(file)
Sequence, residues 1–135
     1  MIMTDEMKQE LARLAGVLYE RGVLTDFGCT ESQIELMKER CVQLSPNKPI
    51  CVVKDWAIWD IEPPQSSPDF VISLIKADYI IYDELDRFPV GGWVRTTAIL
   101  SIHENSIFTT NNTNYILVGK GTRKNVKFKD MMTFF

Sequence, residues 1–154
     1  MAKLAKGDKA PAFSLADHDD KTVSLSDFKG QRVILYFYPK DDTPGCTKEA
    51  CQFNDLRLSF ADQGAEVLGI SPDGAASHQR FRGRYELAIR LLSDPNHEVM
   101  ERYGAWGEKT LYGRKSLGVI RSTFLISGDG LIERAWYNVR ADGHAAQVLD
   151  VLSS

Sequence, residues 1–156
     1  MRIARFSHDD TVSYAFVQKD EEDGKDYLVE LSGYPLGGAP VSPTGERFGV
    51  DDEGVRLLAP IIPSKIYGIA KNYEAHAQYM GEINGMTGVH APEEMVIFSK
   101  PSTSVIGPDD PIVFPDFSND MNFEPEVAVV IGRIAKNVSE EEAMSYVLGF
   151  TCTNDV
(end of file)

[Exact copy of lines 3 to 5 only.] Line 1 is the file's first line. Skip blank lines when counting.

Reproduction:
    51  CVVKDWAIWD IEPPQSSPDF VISLIKADYI IYDELDRFPV GGWVRTTAIL
   101  SIHENSIFTT NNTNYILVGK GTRKNVKFKD MMTFF

Sequence, residues 1–154